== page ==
The Sparkle Emerger (McFlylon Variation)
Originally created by Gary LaFontaine, master of the caddis lifecycle, this pattern varies only slightly. Using McFlylon in place of the Antron (Sparkle Emerger) yarn the rest of this pattern remains. I find that this material is a little easier to work with as you don’t have to card your fibers together and can clip right from the hank. If you are fishing a caddis hatch and the fish don’t seem to be slamming the top water they might be gorging on the emergence. Try this guy and it will undoubtedly put fish in the net.
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For me thinking about what I was going to use to tie a fly to imitate the cased caddis was fairly daunting. A bug that covers itself in natural materials like rocks and sticks from the bottom of the river creating a natural camo seemed very difficult to imitate most of the time using dubbing. That is until I was turned on to this pattern. The look created by burning the root beer cactus chenille is perfect! You can burn the material slightly more or less to get some different colors/shades to match your specific river bottom. This is a great point fly when nymph fishing.
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Created by Ralph Cutter this is a great option when fish get tired of seeing the good old standby Elk Hair Caddis. Properly named (EC for emergent/cripple) this fly is intended to imitate a caddis that is struggling to break the surface film on the water during its emergence. The propped up elk hair wing with hackle wrapped around it in a post method gives a really unique and life like look. This method also allows the elk hair and hackle to ride above the surface film while the main body of the fly can slip beneath. Making it a perfect imitation for when the caddis emergence is just breaking out of the water.
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Need a caddis fly that floats nice and high? Look no further than the Goddard Caddis. This dry fly floats like a cork! Created by two English fly tiers and fishers John Goddard and Clive Henry in the early ’60’s this fly is a must have in. With a full body of spun / flared elk hair it is a great pattern to throw in faster moving water or if you need to give some twitchy action to encourage strikes but don’t want to continually sink/cure your fly. I like to fish it solo or along with a smaller trailing dry fly behind it.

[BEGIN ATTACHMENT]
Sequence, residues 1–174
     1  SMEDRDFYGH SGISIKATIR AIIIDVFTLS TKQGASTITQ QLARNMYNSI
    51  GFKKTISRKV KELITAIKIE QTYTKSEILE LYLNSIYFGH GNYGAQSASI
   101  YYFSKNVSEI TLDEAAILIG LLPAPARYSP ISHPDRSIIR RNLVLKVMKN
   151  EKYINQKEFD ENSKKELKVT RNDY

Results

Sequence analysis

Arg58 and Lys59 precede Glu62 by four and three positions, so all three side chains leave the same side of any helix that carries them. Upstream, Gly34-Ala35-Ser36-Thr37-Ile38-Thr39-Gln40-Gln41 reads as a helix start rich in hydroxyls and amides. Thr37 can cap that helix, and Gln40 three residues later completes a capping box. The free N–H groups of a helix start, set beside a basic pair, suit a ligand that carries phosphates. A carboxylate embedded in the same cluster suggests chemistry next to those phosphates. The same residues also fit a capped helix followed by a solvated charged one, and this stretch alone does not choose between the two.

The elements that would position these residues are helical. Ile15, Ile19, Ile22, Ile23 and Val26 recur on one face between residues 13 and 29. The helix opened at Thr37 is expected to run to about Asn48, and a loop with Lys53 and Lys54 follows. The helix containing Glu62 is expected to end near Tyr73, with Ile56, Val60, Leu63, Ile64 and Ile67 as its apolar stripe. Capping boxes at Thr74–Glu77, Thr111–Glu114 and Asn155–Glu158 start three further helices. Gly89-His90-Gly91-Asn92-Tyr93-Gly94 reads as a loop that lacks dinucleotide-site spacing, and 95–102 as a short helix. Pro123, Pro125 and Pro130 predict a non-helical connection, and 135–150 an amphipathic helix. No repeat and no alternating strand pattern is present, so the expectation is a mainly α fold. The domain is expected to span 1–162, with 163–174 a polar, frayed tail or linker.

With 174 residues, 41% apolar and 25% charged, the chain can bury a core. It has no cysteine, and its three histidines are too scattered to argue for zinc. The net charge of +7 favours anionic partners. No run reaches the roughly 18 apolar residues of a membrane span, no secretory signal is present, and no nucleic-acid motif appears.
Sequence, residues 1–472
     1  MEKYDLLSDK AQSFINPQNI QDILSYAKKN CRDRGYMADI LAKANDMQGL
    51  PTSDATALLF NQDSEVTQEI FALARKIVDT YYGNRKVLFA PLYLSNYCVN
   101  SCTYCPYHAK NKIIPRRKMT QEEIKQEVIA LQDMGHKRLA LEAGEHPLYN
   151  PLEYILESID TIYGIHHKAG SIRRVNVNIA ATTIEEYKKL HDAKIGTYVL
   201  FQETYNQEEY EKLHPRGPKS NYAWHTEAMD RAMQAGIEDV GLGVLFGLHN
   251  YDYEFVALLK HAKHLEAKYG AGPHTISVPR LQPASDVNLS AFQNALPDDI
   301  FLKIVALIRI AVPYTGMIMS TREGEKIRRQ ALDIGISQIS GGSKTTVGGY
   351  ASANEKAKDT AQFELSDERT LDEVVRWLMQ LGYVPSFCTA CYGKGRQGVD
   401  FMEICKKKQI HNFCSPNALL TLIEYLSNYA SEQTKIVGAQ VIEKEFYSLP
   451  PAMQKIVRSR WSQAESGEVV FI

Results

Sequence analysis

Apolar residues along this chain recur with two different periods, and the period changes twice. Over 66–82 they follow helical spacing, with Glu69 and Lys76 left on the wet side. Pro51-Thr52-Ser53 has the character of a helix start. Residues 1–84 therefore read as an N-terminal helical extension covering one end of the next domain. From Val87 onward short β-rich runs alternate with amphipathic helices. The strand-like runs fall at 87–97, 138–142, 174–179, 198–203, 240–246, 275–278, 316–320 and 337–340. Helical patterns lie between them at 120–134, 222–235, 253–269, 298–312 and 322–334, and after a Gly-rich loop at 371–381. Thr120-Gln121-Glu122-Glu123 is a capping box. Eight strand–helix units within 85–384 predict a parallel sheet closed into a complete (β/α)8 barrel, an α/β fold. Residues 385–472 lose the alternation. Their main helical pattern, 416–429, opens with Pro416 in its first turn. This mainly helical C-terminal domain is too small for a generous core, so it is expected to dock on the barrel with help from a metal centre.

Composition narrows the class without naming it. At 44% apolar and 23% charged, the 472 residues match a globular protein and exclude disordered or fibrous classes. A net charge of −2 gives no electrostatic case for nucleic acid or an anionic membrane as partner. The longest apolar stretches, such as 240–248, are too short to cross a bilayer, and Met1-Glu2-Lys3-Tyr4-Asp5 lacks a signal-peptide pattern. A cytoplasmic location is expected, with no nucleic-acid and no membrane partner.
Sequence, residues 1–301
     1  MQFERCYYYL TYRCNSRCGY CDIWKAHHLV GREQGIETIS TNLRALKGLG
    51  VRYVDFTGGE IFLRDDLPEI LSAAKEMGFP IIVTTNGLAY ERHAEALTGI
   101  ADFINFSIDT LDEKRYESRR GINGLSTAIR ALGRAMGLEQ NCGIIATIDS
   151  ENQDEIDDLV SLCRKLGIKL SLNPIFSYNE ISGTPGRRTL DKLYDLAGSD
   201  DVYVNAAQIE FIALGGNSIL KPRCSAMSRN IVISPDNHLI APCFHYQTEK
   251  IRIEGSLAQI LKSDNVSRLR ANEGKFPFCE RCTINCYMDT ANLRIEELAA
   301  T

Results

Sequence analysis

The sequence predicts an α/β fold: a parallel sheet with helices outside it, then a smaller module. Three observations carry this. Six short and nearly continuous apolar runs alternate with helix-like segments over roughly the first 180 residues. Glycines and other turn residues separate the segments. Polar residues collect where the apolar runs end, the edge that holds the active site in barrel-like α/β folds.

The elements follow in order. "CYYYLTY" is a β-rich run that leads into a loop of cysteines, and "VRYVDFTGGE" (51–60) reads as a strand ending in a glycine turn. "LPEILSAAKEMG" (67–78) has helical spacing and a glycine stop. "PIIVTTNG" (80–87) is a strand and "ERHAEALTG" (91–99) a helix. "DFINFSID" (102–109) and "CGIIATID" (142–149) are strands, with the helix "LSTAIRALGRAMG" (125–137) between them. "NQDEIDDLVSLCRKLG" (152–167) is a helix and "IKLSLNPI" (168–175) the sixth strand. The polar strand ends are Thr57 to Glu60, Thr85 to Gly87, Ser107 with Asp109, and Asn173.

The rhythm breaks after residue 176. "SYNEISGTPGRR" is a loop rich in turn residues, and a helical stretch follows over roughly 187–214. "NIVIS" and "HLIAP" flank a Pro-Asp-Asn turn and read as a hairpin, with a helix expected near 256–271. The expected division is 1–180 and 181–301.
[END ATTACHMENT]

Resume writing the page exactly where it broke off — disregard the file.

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With Euro/Tight Line nymphing being all the rage why not take a classic fly like the Copper John and trick it out a little with a jigged hook and some weight. To me it only makes sense and makes for an awesome fly. Adding some lead or lead free wire helps an already heavy fly get into the zone fast! With a little added flair of the MFC barred rubber legs this fly is deadly.
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This fly is just that, simple. Utilizing just a couple of different materials this fly is very easy to tie but doesn’t compromise fish catching ability. Great in the morning or evening when caddis are really moving and shaking. Fish it with a little weight or tandem with a weighted fly to get it in the zone.
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John Barr has done it again. This Caddis Pupa / Emerger is an awesome looking fly for both fly fishers and fish. It’s tied in a couple of color variations, but the one we featured here is a bright green with a silver hot spot that is sure to attract fish. This is a wonderful pattern during the late spring and summer months when caddis activity is at its peak. Fish it as a dropper, on the swing, or in an indicator nymph rig to get hooked up!
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